Célia Houdart, trans. from the French by K.E. Gormley. Dalkey Archive, $14.95 trade paper (98p) ISBN 978-1-62897-327-3
Houdart’s gripping English-language debut builds into a sensitive, masterful study of the consequences of life’s minor turns. Marian, a judge in the city of Pisa, Italy, is presiding over the trial of Marco Ipranossian, accused of shooting and wounding the prefect of Pisa during a robbery. Marco, an Armenian mechanic whose mother was Italian, has been in jail for three years by the time the trial begins, held because of a note found in his pocket at the time of arrest that connected him to the shooting. But Marian, tipped off by a phone call, begins to suspect there’s more to Marco’s case; meanwhile, her husband Andrea, an academic, searches for work, and their teenage daughter Lea, a budding sculptor, travels to a studio in Carrara twice a week to “patiently coax a form” out of white marble. In brief chapters full of sharp, luminous, and original observations—the way old seats in a courtroom resemble “strange, melted crates,” or how a preoccupation lodged in one’s mind can “form an impenetrable barrier between her and her memories”—Houdart both fulfills and transcends the conventions of the crime novel. Memorable for the way it casts Marco’s fate as just one node in a network of friendships, relationships, coincidences, and echoes, this slim novel is a surprising pleasure. (Jan.)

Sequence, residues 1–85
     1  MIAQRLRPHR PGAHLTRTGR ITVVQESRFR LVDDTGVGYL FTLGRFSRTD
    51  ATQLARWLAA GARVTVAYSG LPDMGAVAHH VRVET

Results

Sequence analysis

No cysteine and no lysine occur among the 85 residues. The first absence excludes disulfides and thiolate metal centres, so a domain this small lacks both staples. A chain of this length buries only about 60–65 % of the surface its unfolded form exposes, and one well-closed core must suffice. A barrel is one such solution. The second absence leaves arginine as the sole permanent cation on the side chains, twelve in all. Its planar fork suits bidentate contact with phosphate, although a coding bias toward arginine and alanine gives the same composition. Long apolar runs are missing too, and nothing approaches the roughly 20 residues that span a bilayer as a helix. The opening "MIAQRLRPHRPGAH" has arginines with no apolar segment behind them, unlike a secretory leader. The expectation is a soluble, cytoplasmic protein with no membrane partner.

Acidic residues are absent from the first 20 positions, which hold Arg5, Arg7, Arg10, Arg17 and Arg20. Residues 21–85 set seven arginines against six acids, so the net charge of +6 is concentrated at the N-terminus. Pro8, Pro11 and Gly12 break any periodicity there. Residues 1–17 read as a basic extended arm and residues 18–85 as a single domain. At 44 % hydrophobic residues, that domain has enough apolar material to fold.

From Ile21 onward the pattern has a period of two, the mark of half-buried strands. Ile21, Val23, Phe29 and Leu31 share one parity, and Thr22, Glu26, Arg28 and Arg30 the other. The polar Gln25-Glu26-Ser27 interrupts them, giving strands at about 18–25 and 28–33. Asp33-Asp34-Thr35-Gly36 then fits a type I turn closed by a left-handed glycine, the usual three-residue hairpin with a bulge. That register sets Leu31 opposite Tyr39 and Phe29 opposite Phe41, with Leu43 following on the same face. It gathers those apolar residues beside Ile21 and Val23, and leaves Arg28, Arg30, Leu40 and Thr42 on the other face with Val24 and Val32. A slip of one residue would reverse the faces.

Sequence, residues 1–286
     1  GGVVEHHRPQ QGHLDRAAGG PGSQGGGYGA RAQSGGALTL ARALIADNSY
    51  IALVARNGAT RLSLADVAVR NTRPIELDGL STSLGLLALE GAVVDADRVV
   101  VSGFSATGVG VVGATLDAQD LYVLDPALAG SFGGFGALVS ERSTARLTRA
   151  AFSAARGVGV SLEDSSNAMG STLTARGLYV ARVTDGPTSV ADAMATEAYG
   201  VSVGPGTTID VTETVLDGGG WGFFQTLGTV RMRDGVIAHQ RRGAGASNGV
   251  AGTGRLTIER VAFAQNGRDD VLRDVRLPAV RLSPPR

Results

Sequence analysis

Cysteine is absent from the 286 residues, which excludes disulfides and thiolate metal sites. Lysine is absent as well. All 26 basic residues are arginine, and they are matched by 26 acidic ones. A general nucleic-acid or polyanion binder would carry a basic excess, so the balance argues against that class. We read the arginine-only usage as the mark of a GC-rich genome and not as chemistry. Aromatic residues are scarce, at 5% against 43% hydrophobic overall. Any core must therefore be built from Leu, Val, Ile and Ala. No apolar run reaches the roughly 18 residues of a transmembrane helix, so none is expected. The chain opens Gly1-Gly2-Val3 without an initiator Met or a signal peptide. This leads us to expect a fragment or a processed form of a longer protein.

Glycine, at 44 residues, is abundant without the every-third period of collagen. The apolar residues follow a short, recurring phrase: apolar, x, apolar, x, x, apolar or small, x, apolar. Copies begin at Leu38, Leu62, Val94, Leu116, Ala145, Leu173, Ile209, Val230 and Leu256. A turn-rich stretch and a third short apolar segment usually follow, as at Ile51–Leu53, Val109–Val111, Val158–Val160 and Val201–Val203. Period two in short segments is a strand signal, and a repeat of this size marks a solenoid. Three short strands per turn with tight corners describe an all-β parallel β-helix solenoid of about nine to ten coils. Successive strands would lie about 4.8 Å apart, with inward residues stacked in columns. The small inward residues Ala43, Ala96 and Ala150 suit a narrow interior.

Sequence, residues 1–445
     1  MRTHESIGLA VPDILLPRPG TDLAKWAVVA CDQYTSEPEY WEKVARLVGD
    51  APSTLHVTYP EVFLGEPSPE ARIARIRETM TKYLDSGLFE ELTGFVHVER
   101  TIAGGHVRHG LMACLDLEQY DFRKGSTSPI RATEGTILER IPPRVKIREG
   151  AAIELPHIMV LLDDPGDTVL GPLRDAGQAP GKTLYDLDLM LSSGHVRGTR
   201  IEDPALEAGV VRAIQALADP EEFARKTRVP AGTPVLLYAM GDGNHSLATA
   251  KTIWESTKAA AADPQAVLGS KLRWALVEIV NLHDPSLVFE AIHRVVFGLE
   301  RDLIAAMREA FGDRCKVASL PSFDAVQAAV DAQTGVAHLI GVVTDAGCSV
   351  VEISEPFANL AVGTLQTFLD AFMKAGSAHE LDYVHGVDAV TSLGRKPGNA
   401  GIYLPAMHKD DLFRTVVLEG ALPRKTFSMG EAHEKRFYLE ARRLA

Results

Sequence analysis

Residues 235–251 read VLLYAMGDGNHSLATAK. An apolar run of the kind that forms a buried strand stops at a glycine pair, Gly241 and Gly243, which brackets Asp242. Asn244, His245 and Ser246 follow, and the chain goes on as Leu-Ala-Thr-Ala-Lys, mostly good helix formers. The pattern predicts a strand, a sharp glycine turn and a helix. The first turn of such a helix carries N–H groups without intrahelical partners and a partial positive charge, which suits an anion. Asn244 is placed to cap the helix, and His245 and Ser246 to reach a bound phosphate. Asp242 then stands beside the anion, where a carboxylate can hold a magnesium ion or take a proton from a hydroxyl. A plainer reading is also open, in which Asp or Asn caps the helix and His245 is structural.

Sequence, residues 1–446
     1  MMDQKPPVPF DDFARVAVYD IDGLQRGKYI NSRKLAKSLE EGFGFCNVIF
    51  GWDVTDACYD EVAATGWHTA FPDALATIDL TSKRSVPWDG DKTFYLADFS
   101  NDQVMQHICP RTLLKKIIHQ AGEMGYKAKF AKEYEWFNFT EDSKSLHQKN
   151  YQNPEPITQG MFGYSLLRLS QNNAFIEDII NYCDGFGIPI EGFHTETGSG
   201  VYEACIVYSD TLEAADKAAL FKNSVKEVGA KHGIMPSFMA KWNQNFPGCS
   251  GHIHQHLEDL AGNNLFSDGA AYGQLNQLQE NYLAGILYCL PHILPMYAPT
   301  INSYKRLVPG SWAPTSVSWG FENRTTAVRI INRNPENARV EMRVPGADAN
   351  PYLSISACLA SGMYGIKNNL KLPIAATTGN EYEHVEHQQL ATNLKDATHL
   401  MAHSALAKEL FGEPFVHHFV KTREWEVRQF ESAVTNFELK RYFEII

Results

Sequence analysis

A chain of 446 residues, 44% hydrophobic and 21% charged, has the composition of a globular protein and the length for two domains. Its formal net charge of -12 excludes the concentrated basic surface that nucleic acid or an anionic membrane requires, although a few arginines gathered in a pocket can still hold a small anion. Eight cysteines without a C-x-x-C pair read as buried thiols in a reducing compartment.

Reviewed on : 11/11/2019
Release date: 01/28/2020
Genre: Fiction
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